Controlling High Blood Pressure


 

2006 Vohs Award Winner

Patricia E Casey, RN, MSN; Amy Compton-Phillips, MD; Stacey Shapiro, MPH, RD; Phong Nguyen, MD

Summer 2006 - Volume 10 Number 2

https://doi.org/10.7812/TPP/05-144

Presented as a poster at the Kaiser Permanente Care Management Institute Conference, October 18, 2004, San Francisco, California; as a poster at the Kaiser Permanente National Quality Conference, June 27-July 1, 2005, Monterey, California; and at the Kaiser Permanente National Hypertension Implementation Committee teleconference, September 13, 2005.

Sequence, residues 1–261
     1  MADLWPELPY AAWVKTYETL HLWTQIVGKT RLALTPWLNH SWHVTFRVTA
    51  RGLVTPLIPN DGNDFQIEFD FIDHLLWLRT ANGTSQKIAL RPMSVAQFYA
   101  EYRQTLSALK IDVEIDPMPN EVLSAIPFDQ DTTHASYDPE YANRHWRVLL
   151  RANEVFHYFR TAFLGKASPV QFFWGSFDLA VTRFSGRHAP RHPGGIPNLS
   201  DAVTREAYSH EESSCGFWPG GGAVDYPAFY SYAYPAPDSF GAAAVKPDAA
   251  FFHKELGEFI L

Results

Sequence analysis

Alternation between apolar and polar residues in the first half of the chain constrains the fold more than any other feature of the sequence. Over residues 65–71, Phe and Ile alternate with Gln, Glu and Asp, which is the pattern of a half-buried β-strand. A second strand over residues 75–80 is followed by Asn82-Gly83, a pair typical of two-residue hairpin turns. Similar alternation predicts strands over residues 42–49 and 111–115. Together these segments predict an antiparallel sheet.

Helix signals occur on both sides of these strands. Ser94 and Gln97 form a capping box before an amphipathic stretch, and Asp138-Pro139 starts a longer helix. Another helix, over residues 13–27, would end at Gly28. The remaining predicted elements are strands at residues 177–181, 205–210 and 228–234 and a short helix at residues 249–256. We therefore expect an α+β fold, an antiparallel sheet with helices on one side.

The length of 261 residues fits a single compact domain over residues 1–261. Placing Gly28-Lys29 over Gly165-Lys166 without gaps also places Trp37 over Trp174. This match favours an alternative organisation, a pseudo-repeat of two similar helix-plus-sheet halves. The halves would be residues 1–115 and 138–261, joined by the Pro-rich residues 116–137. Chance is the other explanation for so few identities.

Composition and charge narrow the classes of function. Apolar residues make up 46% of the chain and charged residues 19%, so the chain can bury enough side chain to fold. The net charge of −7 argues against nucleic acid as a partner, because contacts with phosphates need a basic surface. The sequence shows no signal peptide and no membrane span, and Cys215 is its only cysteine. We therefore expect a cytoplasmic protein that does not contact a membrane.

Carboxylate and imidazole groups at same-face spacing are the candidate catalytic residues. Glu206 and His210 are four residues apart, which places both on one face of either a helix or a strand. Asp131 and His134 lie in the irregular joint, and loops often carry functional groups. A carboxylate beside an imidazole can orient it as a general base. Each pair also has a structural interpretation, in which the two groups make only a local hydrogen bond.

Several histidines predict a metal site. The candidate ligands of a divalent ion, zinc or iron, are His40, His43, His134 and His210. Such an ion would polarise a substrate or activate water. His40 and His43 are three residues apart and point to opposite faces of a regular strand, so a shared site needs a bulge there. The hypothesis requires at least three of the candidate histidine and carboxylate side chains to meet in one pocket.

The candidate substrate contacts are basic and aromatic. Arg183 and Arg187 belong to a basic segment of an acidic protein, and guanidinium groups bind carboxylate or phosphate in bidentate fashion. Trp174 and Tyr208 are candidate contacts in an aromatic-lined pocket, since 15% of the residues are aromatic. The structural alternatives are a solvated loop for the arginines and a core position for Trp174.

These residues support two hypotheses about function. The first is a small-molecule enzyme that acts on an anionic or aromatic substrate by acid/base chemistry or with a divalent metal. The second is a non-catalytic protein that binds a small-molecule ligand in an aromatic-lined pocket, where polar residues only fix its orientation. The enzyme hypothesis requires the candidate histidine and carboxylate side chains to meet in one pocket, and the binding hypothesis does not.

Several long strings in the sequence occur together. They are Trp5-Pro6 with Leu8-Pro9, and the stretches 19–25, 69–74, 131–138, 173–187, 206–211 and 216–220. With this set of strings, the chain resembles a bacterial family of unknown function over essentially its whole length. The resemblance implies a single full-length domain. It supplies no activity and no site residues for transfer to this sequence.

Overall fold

Hypertension (HTN) or high blood pressure, is defined as consistently elevated systolic BP above 140 mmHg or diastolic above 90 mmHg. For certain groups of people, ideal blood pressure is even lower than this. Uncontrolled hypertension can lead to end organ damage, including heart failure, heart attacks, nephropathy, peripheral vascular disease, aortic dissection, blindness, or stroke. Because there are no symptoms of hypertension until organ damage occurs, hypertension is known as the "silent killer."
 

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